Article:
3. Safety is Human
Safety standards and practices work when adapted to the local conditions and to the diver’s ability, but they don’t work by themselves – nor are they intended to. They rely on conservative good judgment and reasoned application. Doing this is primarily a matter of common sense and choosing the more conservative option should always be selected when in doubt. The basics of depths, ratios, equipment, or procedures are ones that even Open Water Diver students would know are mandatory, so misjudgment from a diving professional in these areas is inexcusable.
4. Safety Procedures are Dynamic
People, weather, diving conditions and circumstances vary. Technology, diving physiology knowledge and community practices change, so Standards and Procedures change with them. Stay updated. If someone finds themselves in a perplexing situation where following standards and procedures seems difficult or even impossible, chances are it’s not. In general, there’s no reason or excuse for violating established dive training Standards and Procedures.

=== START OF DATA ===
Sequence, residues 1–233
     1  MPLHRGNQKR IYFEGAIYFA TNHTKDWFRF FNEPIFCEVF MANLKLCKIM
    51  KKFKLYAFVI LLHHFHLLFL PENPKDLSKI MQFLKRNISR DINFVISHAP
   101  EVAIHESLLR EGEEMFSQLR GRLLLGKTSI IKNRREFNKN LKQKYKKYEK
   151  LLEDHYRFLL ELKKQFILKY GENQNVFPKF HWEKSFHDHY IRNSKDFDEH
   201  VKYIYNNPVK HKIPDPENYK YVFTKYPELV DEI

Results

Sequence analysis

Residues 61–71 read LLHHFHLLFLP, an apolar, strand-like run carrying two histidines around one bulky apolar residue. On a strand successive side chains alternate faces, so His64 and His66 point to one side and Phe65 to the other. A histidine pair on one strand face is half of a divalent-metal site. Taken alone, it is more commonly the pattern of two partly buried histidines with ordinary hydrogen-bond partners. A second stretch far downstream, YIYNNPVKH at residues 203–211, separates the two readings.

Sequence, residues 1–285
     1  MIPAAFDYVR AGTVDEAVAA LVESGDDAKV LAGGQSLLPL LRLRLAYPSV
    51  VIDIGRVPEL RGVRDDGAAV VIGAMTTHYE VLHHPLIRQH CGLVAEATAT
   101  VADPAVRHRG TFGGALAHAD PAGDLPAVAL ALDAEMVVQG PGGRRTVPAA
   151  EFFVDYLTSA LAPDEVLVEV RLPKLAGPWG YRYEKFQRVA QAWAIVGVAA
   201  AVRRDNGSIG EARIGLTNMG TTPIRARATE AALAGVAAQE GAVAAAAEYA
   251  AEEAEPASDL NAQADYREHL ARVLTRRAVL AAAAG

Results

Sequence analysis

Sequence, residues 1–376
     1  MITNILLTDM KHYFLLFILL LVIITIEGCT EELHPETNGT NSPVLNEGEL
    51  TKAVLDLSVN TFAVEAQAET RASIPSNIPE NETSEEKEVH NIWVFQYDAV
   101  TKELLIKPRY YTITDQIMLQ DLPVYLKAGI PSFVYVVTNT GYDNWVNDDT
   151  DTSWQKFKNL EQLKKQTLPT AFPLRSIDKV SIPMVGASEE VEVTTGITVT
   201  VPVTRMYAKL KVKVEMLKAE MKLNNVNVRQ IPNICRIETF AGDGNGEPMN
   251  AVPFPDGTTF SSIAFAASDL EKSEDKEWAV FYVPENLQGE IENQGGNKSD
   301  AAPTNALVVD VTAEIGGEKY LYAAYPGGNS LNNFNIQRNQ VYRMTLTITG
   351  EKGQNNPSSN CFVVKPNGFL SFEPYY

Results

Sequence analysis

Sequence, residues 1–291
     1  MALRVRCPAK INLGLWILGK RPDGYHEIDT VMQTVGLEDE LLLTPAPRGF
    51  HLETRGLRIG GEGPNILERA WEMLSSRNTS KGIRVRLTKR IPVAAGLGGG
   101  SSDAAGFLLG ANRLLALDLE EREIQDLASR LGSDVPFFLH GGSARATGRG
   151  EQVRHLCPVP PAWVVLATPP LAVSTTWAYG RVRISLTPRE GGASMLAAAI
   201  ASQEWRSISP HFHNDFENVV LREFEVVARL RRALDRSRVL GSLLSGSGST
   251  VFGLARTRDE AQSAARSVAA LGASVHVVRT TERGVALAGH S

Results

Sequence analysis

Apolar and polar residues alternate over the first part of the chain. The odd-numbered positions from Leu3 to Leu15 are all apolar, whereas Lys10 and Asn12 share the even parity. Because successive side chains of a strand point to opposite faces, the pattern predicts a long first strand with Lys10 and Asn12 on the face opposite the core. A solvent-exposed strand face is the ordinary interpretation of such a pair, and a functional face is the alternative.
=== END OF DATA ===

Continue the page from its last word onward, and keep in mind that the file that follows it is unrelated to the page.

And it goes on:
5. Always be “On Duty” When it Comes to Safety
Diving has an impressive safety record but as a community we should always strive to continue to improve it. The actions of diving professionals must be visible and unmistakable, reflecting what is taught and following best practices without exception. A good example of this is predive safety checks, which sometimes get overlooked outside of training; yet incident data and anecdotal reports suggest that tight checks would prevent many incidents and close calls.
By conspicuously doing predive checks as professionals, the industry can encourage other divers to do the same. PADI is providing a free Download of a Predive Safety Check poster to display in prominent places such as boats, dive centers, classrooms or pool areas. Checklists are important safety reinforcers and used in aviation, surgical practice, technical diving and in diver instruction and guiding. They are a way to promote safe diving.